On the tiny Peruvian island of Taquile, a man’s worth isn’t measured in his ability to hunt or fish, but in his ability to knit.
Alejandro Flores Huatta was born on the 1,300-person island, which is located on the Peruvian side of Lake Titicaca, a three-hour boat ride from the nearest city of Puno. The 67-year-old learned how to knit the iconic chullo (a tall, floppy Andean hat) as a child, with his older brother and grandfather teaching him by using the thorns of a cactus as knitting needles.
“Most of the people learn by looking, watching. Because I don’t have a father, my older brother [and grandfather] taught me to knit. So by watching, I learned little by little,” he said, speaking through a Quechua translator.
Like other males on the island, Alejandro learned how to knit from the men in his family as a child (Credit: Romel Velasquez)
Taquile is famous for its textiles and clothing, and while women weave and tend to the sheep that provide the wool, men are the ones who exclusively produce the island’s knitted hats. The chullos are seen as culturally significant, playing a key role in the island’s social structure and allowing men to show their creativity while also displaying their marital status, dreams and aspirations – some men even use it to show their mood. It’s a tradition that islanders are working hard to preserve.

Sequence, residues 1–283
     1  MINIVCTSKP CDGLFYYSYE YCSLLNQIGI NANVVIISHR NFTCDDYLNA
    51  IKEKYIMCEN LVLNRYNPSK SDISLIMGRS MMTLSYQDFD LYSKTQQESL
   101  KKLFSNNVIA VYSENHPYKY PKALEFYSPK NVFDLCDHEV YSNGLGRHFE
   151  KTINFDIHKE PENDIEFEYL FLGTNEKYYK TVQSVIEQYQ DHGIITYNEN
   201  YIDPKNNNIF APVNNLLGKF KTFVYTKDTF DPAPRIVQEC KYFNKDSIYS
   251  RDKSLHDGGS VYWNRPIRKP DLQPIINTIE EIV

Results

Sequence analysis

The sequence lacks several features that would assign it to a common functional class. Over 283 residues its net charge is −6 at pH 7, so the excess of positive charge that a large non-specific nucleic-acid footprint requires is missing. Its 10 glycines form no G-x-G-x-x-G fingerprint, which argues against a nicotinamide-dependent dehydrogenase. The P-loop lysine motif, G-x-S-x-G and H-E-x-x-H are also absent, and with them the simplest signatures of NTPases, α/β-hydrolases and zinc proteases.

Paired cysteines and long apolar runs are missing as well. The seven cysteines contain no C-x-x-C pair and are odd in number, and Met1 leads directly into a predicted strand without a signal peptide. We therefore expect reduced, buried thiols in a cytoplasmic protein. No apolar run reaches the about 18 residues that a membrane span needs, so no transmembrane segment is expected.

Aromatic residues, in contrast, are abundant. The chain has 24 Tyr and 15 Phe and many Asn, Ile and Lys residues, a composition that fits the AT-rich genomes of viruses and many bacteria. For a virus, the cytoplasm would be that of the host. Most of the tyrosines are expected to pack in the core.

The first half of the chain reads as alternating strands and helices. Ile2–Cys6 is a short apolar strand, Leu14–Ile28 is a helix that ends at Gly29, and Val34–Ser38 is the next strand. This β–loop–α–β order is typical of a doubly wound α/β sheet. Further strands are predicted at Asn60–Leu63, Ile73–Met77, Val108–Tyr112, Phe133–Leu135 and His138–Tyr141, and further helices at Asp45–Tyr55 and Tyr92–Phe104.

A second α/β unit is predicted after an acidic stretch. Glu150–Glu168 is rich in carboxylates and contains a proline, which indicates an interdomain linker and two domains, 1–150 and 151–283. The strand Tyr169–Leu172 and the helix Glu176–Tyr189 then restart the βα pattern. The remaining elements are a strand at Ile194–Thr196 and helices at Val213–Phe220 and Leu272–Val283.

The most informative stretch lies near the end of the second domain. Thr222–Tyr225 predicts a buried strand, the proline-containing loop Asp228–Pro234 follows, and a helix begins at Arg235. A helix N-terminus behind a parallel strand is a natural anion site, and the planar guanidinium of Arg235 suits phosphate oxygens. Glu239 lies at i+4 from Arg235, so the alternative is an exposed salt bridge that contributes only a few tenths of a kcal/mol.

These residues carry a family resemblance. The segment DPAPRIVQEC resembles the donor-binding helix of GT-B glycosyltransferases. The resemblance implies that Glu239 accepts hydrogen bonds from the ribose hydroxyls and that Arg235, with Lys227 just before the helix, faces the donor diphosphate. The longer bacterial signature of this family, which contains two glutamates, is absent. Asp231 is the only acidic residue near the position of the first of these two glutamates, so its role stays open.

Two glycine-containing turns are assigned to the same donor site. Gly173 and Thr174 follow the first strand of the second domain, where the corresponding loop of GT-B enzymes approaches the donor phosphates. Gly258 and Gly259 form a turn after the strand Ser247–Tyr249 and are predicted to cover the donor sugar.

Residents were relatively cut off from the mainland until the 1950s, and the island’s isolation has helped to keep its heritage and way of life intact. Locals abide by the Inca code of “Ama sua, ama llulla, ama qhilla“, (Quechua for, “Do not steal, do not lie, do not be lazy”). Taquileans are farmers traditionally; the six island communities take turns to rotate crops of potato, corn, beans and barley in terraces on the mountainsides. They raise sheep, guinea pigs, chickens and pigs on the land and fish in the lake. Tourism kicked off in the 1970s, giving locals a source of income with tens of thousands of visitors drawn to the island annually to tour the villages and surrounding lake. Visitors typically stay with locals in humble, family-run accommodations; lend a hand-harvesting crops; try local specialties like fried trout and potatoes with rice, beans and mint tea; and purchase the island’s famous handmade textiles.
Hats reveal men’s marital status, dreams and aspirations
In 2005, Taquile’s textile art was deemed so valuable that Unesco deemed it an Intangible Cultural Heritage of Humanity. Alejandro is one of the seven men on the island recognised as a Master of Textiles, along with the island’s president, Juan Quispe Huatta.
The tradition has been around for the better part of 500 years, with roots in the ancient civilisations of the Inca, Pukara and Colla peoples. The Inca in particular, used their headdresses in a similar way to the Taquilean chullo, to display the specific insignia of their particular province – but that’s where the similarities end. The Taquilean chullo and the Inca headdresses look vastly different. The elders of the island tell of the chullo design arriving with the Spanish conquest in 1535, and Alejandro’s grandfather passed on stories of the early conquerors wearing similar hats that were white with ear covers, “but not the same patterns or symbols,” Alejandro said.
Located in Lake Titicaca, Taquile’s long history of isolation has helped preserve its unique culture (Credit: Kevin Schafer/Getty Images)